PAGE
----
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Tax Reform and Charity: The Smart Move to Make Before Year-End

A young man called me up the other day, wanting to learn more about opening up a charitable giving vehicle called a donor advised fund. He works for a Jewish nonprofit, and isn’t particularly wealthy. But in light of the tax bill that passed in the Senate, he told me that he wanted to accelerate his charitable contributions into 2017. That way, he can claim a tax deduction on his 2017 tax return—while the tax deduction is worth more than it may be in the future due to changes in marginal tax brackets—but also retain the flexibility to distribute checks to IRS-qualified public charities over the next year or longer. In the meantime, the assets in his charitable fund can be invested and grow tax-free.

Opening a donor advised fund (DAF) is a smart move you may want to take advantage of, too. But time is running out – you only have until the end of December to get a charitable tax deduction for 2017. A DAF enables you to get a tax deduction when you need it, while giving you time to be thoughtful about which charities to support, on your own timetable.

Tax Reform Basics

While the details of the final tax bill have yet to be finalized as of this writing, many frum households living in the Bergen County area may be adversely affected by the tax overhaul—particularly those who have large families and higher-than-average property taxes. The Senate bill caps property tax deductions at $10,000 a year, and removes the state and local income tax deduction. The mortgage interest deduction may be limited as well. The Senate bill also gets rid of the personal exemptions (currently a deduction of $4,050 for yourself, your spouse, and each of your dependents). Instead, the standard deduction may be increased to $24,000 for married couples.

One result of the tax bill—if passed into law—is that far fewer families will itemize on their taxes in 2018. The Tax Policy Center estimates that the number of Americans who will itemize will decrease from about one-third to only 5%. This is an issue when it comes to charitable giving because the only way to claim a tax deduction for charitable contributions is to itemize. When non-itemizers donate $100 to charity, there is no impact on their taxes. But for itemizers in the 25% tax bracket, the government essentially gives them back $25 for every $100 they donate to charity. As a result, the $100 charitable contribution ends up costing them only $75.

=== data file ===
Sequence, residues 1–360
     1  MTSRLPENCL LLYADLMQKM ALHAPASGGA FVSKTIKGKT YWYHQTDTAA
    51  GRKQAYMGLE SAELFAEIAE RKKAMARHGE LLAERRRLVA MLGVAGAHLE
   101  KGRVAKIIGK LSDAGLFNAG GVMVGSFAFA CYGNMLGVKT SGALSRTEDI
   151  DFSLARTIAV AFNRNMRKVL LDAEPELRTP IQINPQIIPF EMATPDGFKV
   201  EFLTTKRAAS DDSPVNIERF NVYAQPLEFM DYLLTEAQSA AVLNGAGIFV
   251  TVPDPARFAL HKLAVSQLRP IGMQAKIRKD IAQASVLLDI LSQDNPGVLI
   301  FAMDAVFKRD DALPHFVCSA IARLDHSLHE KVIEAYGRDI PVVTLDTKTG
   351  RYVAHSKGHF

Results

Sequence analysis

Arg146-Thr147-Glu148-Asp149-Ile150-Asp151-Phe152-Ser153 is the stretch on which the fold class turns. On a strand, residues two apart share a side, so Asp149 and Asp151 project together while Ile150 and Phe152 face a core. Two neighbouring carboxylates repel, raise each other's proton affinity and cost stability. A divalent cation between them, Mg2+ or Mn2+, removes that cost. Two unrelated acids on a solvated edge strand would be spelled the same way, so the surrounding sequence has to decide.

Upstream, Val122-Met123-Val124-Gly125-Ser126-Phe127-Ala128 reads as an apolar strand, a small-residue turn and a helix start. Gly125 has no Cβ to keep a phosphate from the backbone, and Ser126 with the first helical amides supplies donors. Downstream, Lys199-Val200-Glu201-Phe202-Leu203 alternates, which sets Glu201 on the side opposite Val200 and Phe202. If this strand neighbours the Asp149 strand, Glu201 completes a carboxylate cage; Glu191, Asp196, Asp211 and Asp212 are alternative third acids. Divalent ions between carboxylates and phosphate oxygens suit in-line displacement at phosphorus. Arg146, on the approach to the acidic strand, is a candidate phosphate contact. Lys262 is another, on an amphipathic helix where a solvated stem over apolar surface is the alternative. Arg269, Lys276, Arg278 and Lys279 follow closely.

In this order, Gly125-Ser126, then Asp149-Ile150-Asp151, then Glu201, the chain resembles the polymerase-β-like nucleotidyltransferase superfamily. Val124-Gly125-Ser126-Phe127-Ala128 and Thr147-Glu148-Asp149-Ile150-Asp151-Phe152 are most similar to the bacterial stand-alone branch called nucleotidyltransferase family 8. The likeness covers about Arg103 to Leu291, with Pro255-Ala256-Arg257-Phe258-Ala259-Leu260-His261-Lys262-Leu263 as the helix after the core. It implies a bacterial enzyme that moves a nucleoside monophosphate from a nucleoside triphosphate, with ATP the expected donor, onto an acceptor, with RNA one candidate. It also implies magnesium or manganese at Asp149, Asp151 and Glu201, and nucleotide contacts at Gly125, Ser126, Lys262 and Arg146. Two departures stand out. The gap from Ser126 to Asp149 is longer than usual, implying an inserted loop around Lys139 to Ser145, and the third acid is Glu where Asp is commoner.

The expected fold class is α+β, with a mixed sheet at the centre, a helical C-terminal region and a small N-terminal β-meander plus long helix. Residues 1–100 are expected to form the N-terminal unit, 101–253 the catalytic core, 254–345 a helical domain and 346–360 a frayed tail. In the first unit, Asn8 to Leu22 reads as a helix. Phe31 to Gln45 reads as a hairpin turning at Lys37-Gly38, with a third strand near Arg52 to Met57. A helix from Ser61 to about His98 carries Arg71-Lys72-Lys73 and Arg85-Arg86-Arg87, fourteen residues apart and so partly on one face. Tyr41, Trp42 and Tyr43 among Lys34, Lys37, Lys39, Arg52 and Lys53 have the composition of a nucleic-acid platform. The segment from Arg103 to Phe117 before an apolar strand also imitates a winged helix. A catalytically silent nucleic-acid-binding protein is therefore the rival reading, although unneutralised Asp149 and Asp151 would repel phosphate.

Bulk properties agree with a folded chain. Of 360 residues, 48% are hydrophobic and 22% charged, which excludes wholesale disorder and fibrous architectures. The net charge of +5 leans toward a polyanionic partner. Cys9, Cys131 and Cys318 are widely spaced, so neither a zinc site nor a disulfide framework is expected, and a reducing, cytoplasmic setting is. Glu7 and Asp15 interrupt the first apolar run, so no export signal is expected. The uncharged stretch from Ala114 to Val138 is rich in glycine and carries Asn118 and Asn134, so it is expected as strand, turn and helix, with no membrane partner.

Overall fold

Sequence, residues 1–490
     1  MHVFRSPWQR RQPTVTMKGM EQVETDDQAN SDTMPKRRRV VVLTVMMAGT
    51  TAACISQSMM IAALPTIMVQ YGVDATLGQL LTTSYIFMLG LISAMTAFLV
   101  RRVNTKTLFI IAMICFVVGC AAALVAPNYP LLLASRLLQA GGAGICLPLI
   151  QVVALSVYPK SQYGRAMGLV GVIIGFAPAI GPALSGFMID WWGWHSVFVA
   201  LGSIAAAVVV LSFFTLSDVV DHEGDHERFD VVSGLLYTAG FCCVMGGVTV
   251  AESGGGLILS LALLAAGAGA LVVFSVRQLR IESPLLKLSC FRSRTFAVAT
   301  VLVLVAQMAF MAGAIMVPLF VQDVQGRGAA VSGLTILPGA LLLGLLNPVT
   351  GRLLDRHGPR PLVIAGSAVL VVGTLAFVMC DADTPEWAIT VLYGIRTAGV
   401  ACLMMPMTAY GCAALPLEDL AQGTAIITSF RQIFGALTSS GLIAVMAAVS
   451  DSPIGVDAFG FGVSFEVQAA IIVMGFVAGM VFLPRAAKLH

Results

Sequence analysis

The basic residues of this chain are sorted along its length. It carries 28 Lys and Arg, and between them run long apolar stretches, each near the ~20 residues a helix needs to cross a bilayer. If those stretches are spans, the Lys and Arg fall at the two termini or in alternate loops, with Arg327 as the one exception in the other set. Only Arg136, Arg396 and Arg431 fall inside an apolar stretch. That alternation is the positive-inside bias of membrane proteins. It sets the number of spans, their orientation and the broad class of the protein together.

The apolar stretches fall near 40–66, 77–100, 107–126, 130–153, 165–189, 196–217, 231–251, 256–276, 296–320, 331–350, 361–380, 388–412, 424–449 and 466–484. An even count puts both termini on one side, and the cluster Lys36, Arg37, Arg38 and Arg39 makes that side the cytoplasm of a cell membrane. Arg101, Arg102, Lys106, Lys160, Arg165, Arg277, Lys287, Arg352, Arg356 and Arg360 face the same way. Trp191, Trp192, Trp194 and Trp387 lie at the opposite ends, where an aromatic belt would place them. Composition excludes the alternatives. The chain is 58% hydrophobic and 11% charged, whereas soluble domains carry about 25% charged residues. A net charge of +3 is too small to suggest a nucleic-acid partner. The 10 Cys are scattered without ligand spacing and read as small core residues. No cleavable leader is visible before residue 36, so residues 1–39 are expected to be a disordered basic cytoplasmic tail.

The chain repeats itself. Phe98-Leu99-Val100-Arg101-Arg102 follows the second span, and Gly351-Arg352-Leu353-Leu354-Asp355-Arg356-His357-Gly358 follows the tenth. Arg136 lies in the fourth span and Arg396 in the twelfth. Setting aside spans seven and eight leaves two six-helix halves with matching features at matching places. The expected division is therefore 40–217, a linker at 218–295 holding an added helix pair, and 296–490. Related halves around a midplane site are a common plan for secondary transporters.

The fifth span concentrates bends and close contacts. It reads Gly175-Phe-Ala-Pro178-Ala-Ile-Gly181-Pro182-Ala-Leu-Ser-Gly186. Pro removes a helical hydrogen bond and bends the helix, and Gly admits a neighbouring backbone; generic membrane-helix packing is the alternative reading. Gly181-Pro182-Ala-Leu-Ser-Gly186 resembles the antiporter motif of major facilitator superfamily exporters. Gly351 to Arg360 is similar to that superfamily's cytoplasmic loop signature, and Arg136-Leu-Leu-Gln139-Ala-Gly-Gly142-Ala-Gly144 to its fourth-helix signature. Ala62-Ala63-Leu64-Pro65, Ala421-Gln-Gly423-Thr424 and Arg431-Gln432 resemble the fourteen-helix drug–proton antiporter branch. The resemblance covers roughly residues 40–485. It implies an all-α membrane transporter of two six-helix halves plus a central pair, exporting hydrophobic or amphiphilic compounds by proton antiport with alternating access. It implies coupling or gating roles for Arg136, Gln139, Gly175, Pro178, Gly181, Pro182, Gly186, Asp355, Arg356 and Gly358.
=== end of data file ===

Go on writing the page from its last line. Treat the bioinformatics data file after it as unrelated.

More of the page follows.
If you have the means to set aside your charitable contributions for 2018 now (think of shul membership dues, High Holiday seats, etc.), you’ll be able to maximize the tax deduction for 2017 without worrying about potential changes in 2018. A donor advised fund makes this easy to do so, enabling you to contribute to the charitable fund now and take an immediate tax deduction. Then, you can log into your account and, with just a few clicks, send checks out to support your favorite charities easily and simply.

An Even Smarter Way to Give

With the stock market at record highs, an even smarter way to give to charity is to open a donor advised fund using long-term, appreciated securities—stocks you have owned for more than a year that have since gone up in value. When you gift appreciated securities to Jewish Communal Fund or another donor advised fund, you can claim a tax deduction in the year of the gift for the fair market value of the stock on the date JCF receives the gift. Plus, you don’t have to pay capital gains tax. So if you bought stock at $30 a share and it’s now worth $100 a share, you’ll get a donation receipt for $100 and avoid paying taxes on the $70 in gains.

With the market at all-time highs, 2017 is an especially good year for making a contribution of highly appreciated securities.

The Universal Charitable Deduction

Many in the nonprofit sector are lobbying Congress to make the charitable deduction a “universal deduction” that can be claimed on top of the standard deduction, even for those who don’t itemize. Congressman Mark Walker (R-NC) has introduced legislation to create this universal charitable deduction, which would expand the charitable deduction to all Americans, and not only the wealthy who itemize. Without such legislation, some experts project that charitable giving may fall by as much as $13 billion as an unintended consequence of doubling the standard deduction.

The Bottom Line

With the details of the tax overhaul still uncertain, it’s a smart move to pre-pay your charitable contributions in December and lock in the generous tax deduction for 2017, while you still can.

Disclaimer: This article is not intended as tax advice. Please consult with your accountant or other tax professional before taking any action.

By Tamar Snyder

 Tamar Snyder is the Director of Marketing & Communications at the Jewish Communal Fund (, the largest and most active Jewish donor advised fund in the country. Contact Tamar at [email protected].




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